By: Dr. Dan Sonke, Director of Sustainable Agriculture at Campbell.
Water and agriculture are part of my heritage. I grew up on an almond orchard in California. Not only did we depend on water for our almonds to grow, but my father worked a day job for one of California’s oldest irrigation districts. You could say it’s in my blood.
As Campbell’s Director of Sustainable Agriculture, I work with farmers to promote sustainable practices on the farm. Engagement with farmers is central to Campbell’s commitment to Real Food and Transparency.
California Water Action Collaborative
Two years ago, when California was in the midst of a multi-year drought, Campbell and other food and beverage companies along with non-profit organizations came together to form what is now known as the California Water Action Collaborative or CWAC. And, yes, our group has decided to embrace the fact that our acronym sounds like the noise made by waterfowl (CWAC)!
CWAC is a coalition of 21 organizations actively working to improve water security in California for people, business, agriculture and nature. Campbell is proud to be at the table to work together to find solutions.
Just last week, CWAC came together in the Central Valley of California to visit an almond orchard owned by Nick Blom, not far from my family’s own orchard, to learn about a new technique that could benefit Nick and his community for years to come. Working with CWAC, his local irrigation district, the University of California, and other partners, Nick is taking storm water and applying it to his orchard in the winter for the explicit purpose of recharging groundwater. This way, the water is stored underground so that during the next drought, there is a “savings bank” that farms and cities can use.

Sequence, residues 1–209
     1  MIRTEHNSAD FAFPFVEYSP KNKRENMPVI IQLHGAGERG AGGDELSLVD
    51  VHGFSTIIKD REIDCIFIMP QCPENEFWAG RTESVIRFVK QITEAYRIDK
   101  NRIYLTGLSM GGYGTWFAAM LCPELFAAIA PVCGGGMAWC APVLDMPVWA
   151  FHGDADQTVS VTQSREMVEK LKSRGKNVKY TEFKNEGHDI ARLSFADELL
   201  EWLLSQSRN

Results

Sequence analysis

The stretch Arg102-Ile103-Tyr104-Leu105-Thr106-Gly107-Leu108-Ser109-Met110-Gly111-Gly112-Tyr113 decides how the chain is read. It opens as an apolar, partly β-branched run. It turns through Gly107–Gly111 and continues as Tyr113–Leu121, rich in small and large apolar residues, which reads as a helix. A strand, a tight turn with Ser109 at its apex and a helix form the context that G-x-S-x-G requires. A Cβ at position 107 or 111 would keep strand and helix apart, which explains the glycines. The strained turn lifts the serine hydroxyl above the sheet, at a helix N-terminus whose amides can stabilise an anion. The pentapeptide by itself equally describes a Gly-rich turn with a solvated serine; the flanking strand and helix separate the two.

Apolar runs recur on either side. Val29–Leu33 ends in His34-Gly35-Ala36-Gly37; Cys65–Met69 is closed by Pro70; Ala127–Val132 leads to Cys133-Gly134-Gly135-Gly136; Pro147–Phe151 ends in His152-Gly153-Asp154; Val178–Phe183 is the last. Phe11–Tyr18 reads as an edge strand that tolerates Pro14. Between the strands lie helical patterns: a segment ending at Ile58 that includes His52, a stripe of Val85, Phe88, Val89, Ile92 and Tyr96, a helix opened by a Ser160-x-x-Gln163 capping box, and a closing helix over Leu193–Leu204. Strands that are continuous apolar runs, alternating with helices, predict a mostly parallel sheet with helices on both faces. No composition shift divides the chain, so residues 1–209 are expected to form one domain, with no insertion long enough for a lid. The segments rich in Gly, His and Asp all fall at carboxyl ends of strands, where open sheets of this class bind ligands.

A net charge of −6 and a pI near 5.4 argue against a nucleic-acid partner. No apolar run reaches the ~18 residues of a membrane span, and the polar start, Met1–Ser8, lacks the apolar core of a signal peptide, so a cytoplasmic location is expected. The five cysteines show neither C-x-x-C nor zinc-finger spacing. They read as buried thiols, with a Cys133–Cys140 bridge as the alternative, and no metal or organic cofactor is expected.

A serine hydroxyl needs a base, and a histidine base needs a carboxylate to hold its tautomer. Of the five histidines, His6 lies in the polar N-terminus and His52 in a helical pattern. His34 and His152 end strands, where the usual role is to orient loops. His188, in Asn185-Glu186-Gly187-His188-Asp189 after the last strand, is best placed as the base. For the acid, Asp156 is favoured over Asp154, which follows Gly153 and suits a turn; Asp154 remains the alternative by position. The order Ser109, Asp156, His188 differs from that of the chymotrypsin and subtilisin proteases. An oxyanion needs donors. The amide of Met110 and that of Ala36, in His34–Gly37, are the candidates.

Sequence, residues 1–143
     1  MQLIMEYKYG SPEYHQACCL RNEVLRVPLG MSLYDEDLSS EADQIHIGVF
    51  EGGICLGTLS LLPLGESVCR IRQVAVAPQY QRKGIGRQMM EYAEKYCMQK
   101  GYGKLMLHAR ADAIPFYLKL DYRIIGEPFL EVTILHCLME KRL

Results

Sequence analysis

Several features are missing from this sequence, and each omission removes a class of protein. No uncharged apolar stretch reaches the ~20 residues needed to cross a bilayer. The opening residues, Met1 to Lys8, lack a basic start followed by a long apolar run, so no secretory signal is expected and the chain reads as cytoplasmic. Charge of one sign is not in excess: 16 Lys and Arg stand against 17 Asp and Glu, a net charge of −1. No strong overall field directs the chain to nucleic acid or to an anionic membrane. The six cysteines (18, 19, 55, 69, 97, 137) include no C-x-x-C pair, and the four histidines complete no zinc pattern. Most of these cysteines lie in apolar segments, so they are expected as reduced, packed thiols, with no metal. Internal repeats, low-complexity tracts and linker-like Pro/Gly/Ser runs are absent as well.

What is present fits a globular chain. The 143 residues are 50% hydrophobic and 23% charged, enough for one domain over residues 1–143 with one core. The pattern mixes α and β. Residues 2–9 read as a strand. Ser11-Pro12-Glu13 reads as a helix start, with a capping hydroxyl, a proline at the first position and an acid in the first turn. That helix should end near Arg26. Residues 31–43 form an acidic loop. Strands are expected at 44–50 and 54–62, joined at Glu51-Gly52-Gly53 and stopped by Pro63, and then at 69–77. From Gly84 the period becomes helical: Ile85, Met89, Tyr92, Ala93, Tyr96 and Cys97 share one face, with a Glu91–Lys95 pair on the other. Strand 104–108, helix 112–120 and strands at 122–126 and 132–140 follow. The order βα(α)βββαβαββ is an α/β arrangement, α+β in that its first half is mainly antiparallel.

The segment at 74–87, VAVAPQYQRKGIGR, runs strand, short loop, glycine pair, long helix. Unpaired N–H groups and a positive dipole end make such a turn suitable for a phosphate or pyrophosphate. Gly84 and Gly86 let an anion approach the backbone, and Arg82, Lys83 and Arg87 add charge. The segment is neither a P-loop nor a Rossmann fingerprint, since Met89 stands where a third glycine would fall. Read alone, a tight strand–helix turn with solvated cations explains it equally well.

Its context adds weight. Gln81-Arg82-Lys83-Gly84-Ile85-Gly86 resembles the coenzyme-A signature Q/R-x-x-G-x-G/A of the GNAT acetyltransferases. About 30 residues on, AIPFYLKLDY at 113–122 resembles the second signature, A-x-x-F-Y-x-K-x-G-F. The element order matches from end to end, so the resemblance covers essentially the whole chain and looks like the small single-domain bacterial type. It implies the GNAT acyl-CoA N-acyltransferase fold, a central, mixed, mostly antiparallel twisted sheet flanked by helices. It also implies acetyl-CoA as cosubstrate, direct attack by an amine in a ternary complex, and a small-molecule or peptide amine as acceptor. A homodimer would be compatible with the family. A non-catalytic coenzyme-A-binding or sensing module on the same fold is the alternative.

Campbell and Sustainable Agriculture
At Campbell, we have been working with our tomato farmers to use water responsibly. For example, we’ve been working to reduce the amount of water used for producing tomatoes in California and began collecting data five years ago to document and drive progress. In 2012, drip irrigation, which improves water efficiency and optimizes fertilizer use, was used on 38% of our tomato farmers’ acres. Since then, more than 65% of the tomato acres have adopted drip irrigation. As a result, water applied has decreased by almost 22% (per pound of tomato).
The innovation sharing through CWAC helps inform how Campbell engages with its California tomato farmers to move from water efficiency to resiliency for farms and communities. What Nick is doing on his farm creates a pathway for farmers to “put water in the bank” and I’m excited to see this practice replicated to accelerate water conservation. After all, water is a resource on which we all depend, whether urban or rural, farmer or environmentalist. It’s a part of everyone’s heritage.
For more on Campbell’s sustainability efforts, see our CSR report.